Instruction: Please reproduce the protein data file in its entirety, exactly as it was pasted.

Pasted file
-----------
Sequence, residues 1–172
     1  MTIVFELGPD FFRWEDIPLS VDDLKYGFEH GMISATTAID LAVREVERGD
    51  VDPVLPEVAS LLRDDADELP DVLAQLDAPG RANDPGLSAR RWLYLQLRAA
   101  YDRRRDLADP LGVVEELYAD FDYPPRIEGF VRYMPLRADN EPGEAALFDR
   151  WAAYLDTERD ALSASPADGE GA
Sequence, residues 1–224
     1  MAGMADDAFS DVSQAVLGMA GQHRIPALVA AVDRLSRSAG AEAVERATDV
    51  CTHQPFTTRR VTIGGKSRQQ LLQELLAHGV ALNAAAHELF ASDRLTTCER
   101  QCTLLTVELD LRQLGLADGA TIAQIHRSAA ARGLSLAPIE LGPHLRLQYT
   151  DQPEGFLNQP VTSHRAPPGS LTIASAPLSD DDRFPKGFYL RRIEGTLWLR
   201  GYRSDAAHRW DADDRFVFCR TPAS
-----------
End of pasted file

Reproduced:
Sequence, residues 1–172
     1  MTIVFELGPD FFRWEDIPLS VDDLKYGFEH GMISATTAID LAVREVERGD
    51  VDPVLPEVAS LLRDDADELP DVLAQLDAPG RANDPGLSAR RWLYLQLRAA
   101  YDRRRDLADP LGVVEELYAD FDYPPRIEGF VRYMPLRADN EPGEAALFDR
   151  WAAYLDTERD ALSASPADGE GA
Sequence, residues 1–224
     1  MAGMADDAFS DVSQAVLGMA GQHRIPALVA AVDRLSRSAG AEAVERATDV
    51  CTHQPFTTRR VTIGGKSRQQ LLQELLAHGV ALNAAAHELF ASDRLTTCER
   101  QCTLLTVELD LRQLGLADGA TIAQIHRSAA ARGLSLAPIE LGPHLRLQYT
   151  DQPEGFLNQP VTSHRAPPGS LTIASAPLSD DDRFPKGFYL RRIEGTLWLR
   201  GYRSDAAHRW DADDRFVFCR TPAS